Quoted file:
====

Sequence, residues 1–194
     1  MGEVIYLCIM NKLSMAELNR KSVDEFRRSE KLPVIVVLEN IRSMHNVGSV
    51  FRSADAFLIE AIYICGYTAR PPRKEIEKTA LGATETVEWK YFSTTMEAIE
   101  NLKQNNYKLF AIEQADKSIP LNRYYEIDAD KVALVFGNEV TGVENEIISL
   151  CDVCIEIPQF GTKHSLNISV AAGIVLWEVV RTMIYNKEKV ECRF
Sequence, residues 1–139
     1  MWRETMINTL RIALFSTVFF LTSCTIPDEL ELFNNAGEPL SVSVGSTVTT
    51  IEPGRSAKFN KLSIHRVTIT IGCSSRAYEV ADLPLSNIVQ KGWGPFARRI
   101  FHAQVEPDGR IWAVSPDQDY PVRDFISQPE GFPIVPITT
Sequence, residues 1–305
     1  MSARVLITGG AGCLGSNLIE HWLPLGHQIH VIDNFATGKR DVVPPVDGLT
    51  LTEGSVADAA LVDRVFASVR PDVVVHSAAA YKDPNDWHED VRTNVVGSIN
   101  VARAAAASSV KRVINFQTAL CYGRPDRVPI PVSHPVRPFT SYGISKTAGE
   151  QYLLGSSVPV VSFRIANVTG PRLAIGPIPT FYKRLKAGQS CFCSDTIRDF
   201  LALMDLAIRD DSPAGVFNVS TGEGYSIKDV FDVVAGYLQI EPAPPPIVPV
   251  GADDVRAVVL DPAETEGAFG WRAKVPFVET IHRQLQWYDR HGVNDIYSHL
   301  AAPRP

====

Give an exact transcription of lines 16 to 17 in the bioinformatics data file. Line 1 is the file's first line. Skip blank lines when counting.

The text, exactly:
   251  GADDVRAVVL DPAETEGAFG WRAKVPFVET IHRQLQWYDR HGVNDIYSHL
   301  AAPRP